Last August, Dutchess Community College (DCC) got a new president: its fifth since its founding in 1957 and its first woman. Since taking the job at the college with the largest student population in the mid-Hudson Valley, Dr. Pamela R. Edington has lost no time in pursuing two of her goals, which are forming and strengthening relations with community partners and developing more programs of study to meet the region’s workforce needs.
DCC recently formed a new partnership with the Poughkeepsie City School District and Central Hudson Gas & Electric Corporation to prepare academically at-risk high school students for skilled jobs in technological fields. Participating Poughkeepsie students will be provided with an integrated sequence of high school and college coursework, mentoring by engineering professionals and workplace experience, culminating in a high school diploma and a college Associate’s degree in the field of Engineering. The initiative is funded through a New York State Pathways in Technology Early College High School (P-TECH) grant, and is one of ten awarded public/private partnerships in the state.
A native of Minnesota, Edington holds an EdD in Educational Policy, Research and Administration from the University of Massachusetts, Amherst, an MA in Sociology from the University of Notre Dame and a BA in Sociology from the College of St. Benedict/St. John’s University in Collegeville, Minnesota. Previously she was dean of Academic Affairs and provost at Norwalk Community College in Connecticut, and before that she spent 19 years at Middlesex Community College in Massachusetts, first as a Sociology professor and ultimately dean of Social Science and Human Services.
Edington, who was selected for the Dutchess post from a pool of 50 applicants, has been recognized as one of the nation’s outstanding community college leaders: In 2011, she was honored by the Community College National Center for Community Engagement as a “Beacon of Vision, Hope and Action” for her commitment to service learning and civic engagement.
Almanac Weekly’s Lynn Woods recently spoke with Edington:
What motivated you to pursue a career in education, specifically at the community college level?
After I my got Master’s degree in Sociology at Notre Dame, I went back to my hometown in Minnesota and had an opportunity to serve as the executive director of a community-based women’s center. Much of the work I did was about education, working on sexism, racism and domestic violence; I was a community educator. One of my college mentors offered me the opportunity to work as a faculty member at my alma mater. I taught Women’s Studies and Sociology. Due to chance or good luck, I had the opportunity to teach and understand the kind of transformative influence you could have as an educator, and that was the turning point for me.
My first experience in a community college was in Massachusetts. I was hired to teach International Relations as an adjunct faculty teacher. When you work with community college students, it’s almost as if you can see the transformation happen before your eyes… Many are the first generation in their family to go to college. Our faculty and staff have a strong influence on the students, and find great reward in helping show them how to achieve their goals.
Education at the community college level is certainly democracy in action, in terms of the across-the-board access and opportunities provided.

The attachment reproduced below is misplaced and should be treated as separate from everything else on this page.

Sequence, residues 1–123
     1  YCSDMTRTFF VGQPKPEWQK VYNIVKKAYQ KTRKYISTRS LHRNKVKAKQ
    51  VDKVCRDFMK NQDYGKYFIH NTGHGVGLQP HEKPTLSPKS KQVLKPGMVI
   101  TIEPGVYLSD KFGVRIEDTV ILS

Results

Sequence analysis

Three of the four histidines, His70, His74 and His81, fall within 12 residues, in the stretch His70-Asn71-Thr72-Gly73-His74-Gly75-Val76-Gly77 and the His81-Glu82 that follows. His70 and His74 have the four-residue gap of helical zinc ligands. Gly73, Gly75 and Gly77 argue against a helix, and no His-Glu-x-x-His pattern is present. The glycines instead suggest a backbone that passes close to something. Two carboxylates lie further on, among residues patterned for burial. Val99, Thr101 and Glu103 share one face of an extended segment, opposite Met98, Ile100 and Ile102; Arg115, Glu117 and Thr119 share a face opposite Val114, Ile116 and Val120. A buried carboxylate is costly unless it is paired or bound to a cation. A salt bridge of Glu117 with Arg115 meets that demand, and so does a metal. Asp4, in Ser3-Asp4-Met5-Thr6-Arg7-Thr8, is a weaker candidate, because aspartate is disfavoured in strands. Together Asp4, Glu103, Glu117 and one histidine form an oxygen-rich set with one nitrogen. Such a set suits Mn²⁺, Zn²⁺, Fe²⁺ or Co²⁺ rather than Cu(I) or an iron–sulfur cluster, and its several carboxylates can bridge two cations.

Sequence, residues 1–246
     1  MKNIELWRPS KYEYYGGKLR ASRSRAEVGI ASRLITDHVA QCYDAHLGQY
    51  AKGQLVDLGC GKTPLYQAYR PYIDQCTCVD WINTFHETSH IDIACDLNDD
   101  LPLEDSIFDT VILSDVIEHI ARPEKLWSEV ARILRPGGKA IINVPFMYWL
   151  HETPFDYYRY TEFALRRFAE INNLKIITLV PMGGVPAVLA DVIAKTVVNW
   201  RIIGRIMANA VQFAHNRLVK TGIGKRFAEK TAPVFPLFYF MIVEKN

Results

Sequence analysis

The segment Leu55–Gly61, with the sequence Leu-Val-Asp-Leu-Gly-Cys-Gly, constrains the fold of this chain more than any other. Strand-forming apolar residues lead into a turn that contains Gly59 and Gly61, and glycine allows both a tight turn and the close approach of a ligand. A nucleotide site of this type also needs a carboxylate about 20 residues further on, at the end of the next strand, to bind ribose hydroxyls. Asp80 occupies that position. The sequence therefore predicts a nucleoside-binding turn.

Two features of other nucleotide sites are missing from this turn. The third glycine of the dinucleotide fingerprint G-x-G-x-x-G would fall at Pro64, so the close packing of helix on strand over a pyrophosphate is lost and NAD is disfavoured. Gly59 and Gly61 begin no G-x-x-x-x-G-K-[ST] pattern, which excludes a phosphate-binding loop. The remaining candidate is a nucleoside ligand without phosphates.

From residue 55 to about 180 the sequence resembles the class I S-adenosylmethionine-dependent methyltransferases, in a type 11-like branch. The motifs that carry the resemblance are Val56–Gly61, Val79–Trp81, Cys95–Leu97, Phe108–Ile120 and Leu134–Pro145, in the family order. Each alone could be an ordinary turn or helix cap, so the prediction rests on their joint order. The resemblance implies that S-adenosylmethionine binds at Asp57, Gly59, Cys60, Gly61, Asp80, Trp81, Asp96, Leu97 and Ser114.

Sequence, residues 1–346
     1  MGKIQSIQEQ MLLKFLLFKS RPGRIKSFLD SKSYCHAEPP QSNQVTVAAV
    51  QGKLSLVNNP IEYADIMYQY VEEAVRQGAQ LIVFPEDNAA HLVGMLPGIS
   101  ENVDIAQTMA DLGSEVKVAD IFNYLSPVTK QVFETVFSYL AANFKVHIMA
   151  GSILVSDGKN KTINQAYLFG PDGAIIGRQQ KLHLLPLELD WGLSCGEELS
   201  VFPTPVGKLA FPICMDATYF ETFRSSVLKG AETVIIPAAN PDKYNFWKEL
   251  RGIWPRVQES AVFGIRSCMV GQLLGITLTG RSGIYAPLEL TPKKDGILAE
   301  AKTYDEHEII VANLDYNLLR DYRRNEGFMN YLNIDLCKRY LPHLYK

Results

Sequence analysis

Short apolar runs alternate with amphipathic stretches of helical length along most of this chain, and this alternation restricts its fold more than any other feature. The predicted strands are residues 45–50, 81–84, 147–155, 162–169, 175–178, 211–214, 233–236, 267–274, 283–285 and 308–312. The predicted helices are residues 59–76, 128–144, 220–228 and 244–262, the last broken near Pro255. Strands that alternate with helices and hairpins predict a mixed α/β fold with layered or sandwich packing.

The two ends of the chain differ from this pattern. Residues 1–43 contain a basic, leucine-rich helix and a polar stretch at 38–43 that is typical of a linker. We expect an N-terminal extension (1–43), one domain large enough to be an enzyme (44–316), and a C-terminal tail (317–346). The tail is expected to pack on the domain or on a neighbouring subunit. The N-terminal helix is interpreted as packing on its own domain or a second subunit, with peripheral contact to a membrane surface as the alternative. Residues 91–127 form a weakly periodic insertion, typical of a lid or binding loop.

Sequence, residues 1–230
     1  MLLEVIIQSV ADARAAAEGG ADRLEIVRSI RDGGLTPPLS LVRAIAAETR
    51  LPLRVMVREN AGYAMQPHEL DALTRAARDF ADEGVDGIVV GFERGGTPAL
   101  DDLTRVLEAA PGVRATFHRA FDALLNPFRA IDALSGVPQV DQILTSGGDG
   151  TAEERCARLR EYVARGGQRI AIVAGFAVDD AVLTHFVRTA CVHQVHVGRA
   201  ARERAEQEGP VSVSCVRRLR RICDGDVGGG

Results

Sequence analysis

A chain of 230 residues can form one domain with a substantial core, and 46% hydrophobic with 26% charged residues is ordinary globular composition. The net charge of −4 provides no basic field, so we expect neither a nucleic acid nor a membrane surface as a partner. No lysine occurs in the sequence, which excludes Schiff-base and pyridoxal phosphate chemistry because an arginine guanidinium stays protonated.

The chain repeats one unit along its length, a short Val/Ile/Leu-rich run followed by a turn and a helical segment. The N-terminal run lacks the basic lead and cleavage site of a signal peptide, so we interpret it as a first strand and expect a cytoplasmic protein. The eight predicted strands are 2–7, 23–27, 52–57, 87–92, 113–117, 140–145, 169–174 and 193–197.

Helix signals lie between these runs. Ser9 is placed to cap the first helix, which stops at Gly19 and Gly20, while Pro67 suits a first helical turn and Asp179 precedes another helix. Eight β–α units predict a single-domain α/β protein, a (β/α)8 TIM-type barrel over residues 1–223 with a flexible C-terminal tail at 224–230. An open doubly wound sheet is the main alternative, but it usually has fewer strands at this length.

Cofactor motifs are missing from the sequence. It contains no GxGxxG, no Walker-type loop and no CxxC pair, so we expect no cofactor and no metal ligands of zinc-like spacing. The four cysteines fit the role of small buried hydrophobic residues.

I don’t know where we’d be as a country if community colleges weren’t as prolific as they are. Nearly 50 percent of students nationwide are enrolled in a community college, and yet so many more people in our country need an education. The other challenge for us is that once students enroll, we want to make sure they have a successful experience.
What is your graduation rate?
If you’re using the standard graduation rate of how many students graduate in three years, it’s under 30 percent. However, if you look at the number of students who’ve graduated, transferred to another institution or are still enrolled, the number goes up to 85 percent. Our numbers compare very favorably when benchmarked against other institutions.
You’ve spent many years at two community colleges in New England. What’s different about Dutchess?
The thing that has most impressed me about DCC is the percentage of local students from the area who come to this college. Thirty-eight percent of all the students from Dutchess County who attend college choose to come to DCC, which is a much higher percentage than that of my two previous institutions. When you think of all the options to go to a post-secondary institution, across the state and across the country, it really is a high number. And they not only come to school here, they stay in the area: Over 90 percent of DCC graduates stay in the county or the state of New York.
What is your enrollment?
We have over 9,000 students, of which approximately 2,000 are students taking courses in the high schools for college credit. Six thousand are on the main campus, in Poughkeepsie, and another 1,500 attend classes in our satellite campus in Wappingers Falls. Three years ago we built a residence hall on the main campus, which has 462 beds, so that’s the number living on campus.
What’s the tuition?
It’s $3,200 a year, which for 15 years has been the lowest annual tuition throughout the state. Economic pressures make it difficult to keep the tuition that low. We’ve had a stable contribution by the county. That’s good, but it would be better if it were increasing. We also receive funds from the state. Our Board of Trustees and administration are committed to maximizing these sources. We are maintaining student access to the college. We operate the institution in such a way that we can continue to provide a high-quality education at an affordable price.